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Unformatted text preview: word integers. See Section 10.2, "SSE Programming Environment," for more information about these registers. Vol. 1 3-3 BASIC EXECUTION ENVIRONMENT Basic Program Execution Registers Address Space* 232 -1 Eight 32-bit Registers General-Purpose Registers Six 16-bit Registers 32-bits 32-bits FPU Registers Segment Registers EFLAGS Register EIP (Instruction Pointer Register) Eight 80-bit Registers Floating-Point Data Registers 0 *The address space can be flat or segmented. Using the physical address extension mechanism, a physical address space of 236 - 1 can be addressed. 16 bits 16 bits 16 bits 48 bits 48 bits MMX Registers Eight 64-bit Registers Control Register Status Register Tag Register Opcode Register (11-bits) FPU Instruction Pointer Register FPU Data (Operand) Pointer Register MMX Registers XMM Registers Eight 128-bit Registers XMM Registers 32-bits MXCSR Register Figure 3-1. IA-32 Basic Execution Environment for Non-64-bit Modes 3-4 Vol. 1 BASIC EXECUTION ENVIRONMENT Stack -- To support procedure or subroutine calls and the passing of parameters between procedures or subroutines, a stack and stack management resources are included in the execution environment. The stack (not shown in Figure 3-1) is located in memory. See Section 6.2, "Stacks," for more information about stack structure. In addition to the resources provided in the basic execution environment, the IA-32 architecture provides the following resources as part of its system-level architecture. They provide extensive support for operating-system and system-development software. Except for the I/O ports, the system resources are described in detail in the Intel 64 and IA-32 Architectures Software Developer's Manual, Volumes 3A & 3B. I/O ports -- The IA-32 architecture supports a transfers of data to and from input/output (I/O) ports. See Chapter 13, "Input/Output," in this volume. Control registers -- The five control registers (CR0 through CR4) determine the operating mode of the processor and the characteristics of the currently executing task. See Chapter 2, "System Architecture Overview," in the Intel 64 and IA-32 Architectures Software Developer's Manual, Volume 3A. Memory management registers -- The GDTR, IDTR, task register, and LDTR specify the locations of data structures used in protected mode memory management. See Chapter 2, "System Architecture Overview," in the Intel 64 and IA-32 Architectures Software Developer's Manual, Volume 3A. Debug registers -- The debug registers (DR0 through DR7) control and allow monitoring of the processor's debugging operations. See Chapter 18, "Debugging and Performance Monitoring," in the Intel 64 and IA-32 Architectures Software Developer's Manual, Volume 3B. Memory type range registers (MTRRs) -- The MTRRs are used to assign memory types to regions of memory. See the sections on MTRRs in the Intel 64 and IA-32 Architectures Software Developer's Manual, Volume 3B. Machine sp...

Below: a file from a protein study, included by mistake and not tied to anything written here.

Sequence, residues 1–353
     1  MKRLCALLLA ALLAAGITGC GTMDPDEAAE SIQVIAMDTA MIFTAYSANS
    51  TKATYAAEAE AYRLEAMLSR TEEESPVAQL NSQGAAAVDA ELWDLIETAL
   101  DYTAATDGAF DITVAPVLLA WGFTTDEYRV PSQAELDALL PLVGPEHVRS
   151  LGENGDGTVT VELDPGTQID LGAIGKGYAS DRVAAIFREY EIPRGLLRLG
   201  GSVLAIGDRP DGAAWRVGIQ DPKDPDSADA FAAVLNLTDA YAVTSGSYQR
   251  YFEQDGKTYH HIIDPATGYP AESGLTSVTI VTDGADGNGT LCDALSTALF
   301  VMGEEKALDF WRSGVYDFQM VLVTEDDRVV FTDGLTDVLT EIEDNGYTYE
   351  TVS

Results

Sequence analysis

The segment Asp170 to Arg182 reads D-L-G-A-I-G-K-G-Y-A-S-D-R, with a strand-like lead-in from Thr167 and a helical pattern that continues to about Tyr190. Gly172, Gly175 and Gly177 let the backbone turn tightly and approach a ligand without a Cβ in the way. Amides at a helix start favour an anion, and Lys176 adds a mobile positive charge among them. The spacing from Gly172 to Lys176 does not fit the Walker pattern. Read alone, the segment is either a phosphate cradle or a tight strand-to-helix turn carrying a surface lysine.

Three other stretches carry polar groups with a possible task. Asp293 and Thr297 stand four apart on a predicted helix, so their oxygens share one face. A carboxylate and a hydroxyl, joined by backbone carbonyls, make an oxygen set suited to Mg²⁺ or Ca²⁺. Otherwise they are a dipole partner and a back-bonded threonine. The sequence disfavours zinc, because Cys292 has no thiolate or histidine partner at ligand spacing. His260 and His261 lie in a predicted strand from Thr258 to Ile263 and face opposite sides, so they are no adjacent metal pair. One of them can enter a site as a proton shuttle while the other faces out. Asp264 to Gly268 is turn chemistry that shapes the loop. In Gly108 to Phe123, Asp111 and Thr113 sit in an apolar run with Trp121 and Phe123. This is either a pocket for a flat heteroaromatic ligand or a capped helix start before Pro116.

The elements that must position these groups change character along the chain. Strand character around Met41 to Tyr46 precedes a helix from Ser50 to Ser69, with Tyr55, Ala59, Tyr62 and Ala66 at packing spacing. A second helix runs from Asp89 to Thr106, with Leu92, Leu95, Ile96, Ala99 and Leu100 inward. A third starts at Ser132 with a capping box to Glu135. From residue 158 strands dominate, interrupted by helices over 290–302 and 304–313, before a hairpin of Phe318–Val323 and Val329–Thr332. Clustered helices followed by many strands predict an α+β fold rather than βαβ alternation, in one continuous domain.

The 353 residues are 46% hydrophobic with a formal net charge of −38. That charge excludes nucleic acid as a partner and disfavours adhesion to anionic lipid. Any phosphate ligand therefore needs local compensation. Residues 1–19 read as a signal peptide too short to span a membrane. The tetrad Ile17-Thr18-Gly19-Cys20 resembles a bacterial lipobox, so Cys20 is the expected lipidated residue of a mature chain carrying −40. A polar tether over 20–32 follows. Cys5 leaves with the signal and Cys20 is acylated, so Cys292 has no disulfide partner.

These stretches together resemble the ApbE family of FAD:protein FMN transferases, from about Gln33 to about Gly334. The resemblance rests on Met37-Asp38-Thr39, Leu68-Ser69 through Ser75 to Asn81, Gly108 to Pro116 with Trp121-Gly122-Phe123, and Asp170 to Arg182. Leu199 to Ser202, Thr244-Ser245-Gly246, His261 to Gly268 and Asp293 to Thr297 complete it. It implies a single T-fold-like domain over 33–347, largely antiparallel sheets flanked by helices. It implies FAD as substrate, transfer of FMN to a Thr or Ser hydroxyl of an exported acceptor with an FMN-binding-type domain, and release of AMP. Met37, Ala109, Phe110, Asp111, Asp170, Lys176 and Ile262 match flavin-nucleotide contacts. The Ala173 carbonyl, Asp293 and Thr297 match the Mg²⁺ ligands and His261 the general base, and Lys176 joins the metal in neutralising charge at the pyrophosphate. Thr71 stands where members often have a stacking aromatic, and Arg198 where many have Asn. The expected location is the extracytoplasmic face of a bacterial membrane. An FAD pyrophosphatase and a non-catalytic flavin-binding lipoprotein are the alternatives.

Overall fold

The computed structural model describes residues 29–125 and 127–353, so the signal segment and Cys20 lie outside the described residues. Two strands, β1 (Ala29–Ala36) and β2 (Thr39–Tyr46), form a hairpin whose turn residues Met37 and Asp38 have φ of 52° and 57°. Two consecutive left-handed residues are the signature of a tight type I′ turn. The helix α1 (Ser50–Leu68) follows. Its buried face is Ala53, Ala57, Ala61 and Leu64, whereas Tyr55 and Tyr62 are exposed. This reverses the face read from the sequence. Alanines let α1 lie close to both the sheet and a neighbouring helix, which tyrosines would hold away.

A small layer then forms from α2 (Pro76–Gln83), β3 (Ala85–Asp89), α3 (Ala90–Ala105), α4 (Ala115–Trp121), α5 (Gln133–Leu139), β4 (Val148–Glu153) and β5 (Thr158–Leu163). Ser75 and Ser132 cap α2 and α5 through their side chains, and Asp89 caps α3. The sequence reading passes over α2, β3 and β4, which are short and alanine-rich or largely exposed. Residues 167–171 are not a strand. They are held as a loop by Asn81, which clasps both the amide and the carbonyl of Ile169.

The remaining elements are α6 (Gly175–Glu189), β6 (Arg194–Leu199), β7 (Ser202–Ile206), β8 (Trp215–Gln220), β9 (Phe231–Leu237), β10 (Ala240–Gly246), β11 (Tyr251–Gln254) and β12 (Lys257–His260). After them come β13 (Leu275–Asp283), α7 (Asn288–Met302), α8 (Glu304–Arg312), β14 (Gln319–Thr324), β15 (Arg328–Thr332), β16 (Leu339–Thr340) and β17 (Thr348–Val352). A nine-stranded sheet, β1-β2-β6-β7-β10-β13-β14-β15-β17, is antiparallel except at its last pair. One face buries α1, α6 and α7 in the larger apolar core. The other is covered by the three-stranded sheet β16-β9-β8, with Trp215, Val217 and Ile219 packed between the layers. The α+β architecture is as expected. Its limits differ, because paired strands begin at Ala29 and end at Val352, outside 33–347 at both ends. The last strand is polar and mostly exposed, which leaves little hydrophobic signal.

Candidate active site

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This note was uploaded on 10/01/2013 for the course CPE 103 taught by Professor Watlins during the Winter '11 term at Mississippi State.
- Winter '11